Paid parental leave is a key work place issue. It speaks not only to the hotly debated gender pay gap, but to the physical and mental health of caregivers and their children. With the Federal election looming, Professor Lyndall Strazdins speaks to ABC Radio to discuss how the major party policies stack up.
“Australia needs to do more,” says Strazdins. “We are a long way behind in terms of best practise for infant rearing and spending time with the child to establish relationships. Countries such as Sweden, Norway and Denmark are leading the way on the issue of paid parental leave, and I’d like to see both parties support better policy this election.”
Current government funded parental leave provides 18 weeks at minimum wage. The Coalition have indicated they will allow more flexibility on how this can be taken by permitting the parent to take leave in two blocks, rather than being forced to take it as one. They are proposing an initial block of 12 weeks be taken within the first 12 months, and the remaining six weeks taken at a later time within the child’s first two years.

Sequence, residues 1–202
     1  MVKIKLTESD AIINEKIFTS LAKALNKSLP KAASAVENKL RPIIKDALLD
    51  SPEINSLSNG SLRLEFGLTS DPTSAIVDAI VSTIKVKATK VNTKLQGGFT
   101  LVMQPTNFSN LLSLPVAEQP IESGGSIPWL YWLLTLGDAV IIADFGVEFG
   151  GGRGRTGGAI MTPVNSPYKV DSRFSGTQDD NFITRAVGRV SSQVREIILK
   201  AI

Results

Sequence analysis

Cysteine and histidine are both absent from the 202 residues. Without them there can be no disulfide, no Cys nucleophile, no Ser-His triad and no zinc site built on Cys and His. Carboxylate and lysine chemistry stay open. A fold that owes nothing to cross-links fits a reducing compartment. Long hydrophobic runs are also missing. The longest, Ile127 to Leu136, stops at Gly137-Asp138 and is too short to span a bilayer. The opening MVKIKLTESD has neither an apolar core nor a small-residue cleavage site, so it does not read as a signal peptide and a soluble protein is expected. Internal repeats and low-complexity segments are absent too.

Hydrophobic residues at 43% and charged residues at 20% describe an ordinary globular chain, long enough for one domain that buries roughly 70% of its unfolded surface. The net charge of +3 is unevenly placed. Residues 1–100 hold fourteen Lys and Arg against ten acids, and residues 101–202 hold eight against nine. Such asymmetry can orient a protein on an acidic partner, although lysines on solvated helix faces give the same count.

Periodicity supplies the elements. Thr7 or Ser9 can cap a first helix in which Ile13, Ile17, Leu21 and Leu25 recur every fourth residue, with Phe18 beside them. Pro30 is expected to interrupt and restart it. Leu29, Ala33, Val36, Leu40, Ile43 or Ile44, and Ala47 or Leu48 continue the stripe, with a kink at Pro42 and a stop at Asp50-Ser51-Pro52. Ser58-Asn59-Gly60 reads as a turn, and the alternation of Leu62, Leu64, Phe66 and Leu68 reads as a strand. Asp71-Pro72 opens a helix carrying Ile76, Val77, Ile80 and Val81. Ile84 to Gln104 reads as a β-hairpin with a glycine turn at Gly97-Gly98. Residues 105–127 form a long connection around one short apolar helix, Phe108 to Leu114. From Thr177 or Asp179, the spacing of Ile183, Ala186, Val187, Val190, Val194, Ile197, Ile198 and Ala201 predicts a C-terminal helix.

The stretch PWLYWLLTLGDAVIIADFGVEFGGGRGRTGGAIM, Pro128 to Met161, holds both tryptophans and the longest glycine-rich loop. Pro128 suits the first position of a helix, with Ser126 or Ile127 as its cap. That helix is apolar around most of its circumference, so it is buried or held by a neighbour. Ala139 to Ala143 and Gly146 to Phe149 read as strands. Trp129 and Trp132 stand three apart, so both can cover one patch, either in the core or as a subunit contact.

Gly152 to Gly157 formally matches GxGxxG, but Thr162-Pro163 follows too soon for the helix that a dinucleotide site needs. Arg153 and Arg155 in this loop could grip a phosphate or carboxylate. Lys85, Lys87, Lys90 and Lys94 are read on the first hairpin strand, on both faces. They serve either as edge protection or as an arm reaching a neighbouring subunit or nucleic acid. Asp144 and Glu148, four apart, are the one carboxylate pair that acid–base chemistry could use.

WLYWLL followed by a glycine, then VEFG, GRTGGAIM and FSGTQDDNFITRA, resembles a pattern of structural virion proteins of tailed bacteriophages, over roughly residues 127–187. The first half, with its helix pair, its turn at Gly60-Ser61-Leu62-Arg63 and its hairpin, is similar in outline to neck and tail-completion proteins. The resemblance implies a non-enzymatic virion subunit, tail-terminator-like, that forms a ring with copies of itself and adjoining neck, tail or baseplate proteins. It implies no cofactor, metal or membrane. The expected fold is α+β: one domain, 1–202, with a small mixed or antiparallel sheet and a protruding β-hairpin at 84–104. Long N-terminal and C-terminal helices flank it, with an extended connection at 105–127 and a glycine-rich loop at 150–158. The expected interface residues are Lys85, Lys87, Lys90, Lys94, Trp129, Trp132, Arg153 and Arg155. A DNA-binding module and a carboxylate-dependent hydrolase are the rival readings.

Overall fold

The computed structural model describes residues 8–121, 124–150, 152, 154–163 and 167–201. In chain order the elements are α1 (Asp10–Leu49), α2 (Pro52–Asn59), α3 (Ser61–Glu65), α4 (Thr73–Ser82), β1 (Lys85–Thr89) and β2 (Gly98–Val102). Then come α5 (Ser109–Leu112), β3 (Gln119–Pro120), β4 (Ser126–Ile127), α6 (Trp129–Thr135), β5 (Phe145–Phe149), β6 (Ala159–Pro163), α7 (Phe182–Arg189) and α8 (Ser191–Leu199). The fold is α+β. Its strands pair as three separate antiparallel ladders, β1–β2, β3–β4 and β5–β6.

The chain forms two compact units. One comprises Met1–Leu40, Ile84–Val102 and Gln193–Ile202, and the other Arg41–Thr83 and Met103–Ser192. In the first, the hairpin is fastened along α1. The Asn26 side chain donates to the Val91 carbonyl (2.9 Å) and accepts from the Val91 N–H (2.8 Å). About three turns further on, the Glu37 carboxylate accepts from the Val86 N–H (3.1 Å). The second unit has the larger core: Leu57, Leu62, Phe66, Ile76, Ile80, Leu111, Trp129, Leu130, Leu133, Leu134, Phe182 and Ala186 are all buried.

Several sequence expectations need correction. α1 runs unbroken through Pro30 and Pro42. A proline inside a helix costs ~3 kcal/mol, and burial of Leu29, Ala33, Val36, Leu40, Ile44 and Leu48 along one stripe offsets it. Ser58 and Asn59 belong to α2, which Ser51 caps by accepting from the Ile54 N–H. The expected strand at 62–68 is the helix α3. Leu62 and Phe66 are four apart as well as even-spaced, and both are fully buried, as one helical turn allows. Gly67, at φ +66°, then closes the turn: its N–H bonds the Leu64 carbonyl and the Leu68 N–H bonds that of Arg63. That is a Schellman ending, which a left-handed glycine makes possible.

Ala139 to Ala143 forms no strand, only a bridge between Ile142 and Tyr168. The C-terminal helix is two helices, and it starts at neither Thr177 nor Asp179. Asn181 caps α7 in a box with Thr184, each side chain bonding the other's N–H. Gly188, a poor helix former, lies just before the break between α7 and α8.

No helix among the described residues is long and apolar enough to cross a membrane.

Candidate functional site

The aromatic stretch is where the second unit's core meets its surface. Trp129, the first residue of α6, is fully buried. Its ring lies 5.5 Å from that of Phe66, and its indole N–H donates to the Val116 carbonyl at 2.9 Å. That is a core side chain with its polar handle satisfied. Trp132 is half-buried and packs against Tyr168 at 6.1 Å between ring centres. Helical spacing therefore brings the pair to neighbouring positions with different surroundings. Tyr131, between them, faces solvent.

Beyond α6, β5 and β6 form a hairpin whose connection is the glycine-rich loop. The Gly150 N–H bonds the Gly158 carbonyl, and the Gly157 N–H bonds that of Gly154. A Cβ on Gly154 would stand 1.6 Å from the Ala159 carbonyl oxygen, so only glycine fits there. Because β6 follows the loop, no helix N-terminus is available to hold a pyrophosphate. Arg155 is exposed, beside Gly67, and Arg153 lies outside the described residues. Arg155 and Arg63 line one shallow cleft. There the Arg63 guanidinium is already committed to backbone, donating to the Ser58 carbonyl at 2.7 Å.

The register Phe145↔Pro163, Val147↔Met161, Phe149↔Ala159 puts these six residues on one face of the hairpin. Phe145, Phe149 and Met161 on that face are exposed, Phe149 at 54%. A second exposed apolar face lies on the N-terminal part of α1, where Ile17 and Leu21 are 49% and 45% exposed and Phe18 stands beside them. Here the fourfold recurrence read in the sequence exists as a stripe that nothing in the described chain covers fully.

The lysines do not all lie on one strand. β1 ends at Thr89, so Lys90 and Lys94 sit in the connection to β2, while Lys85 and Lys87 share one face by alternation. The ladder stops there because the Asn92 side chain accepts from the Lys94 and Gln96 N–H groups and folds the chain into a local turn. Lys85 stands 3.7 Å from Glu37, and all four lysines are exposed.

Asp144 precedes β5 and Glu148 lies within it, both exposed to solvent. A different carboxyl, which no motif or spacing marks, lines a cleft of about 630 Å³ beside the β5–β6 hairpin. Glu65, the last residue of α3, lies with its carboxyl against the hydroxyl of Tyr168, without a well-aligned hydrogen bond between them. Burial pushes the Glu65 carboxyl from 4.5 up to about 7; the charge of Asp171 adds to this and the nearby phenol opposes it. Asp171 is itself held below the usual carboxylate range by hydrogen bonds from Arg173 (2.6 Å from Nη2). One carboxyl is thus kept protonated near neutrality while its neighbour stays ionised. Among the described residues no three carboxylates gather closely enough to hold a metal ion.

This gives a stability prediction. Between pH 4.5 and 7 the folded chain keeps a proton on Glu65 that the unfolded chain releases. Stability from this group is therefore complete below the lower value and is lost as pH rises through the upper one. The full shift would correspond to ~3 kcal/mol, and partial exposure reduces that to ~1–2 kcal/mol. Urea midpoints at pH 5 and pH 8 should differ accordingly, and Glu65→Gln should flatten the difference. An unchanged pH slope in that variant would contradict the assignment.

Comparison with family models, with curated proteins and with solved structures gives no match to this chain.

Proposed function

Labour and the Greens are proposing that parents be eligible for 26 weeks of paid parental leave. They go even further and call for Superannuation to be included in this scheme in a bid to improve women’s Superannuation security.
“What Labour and the Greens are calling for is a step in the right direction,” says Strazdins. “It means that women have support to spend these early months with their babies, and for many this will improve their own health and wellbeing as well as their babies. However Australian fathers also want more time with their babies and children too, and they need specific supports to make this possible. The next step I would like to see are targeted policies for fathers.”
You can listen to the full interview with Professor Strazdins on ABC’s PM here.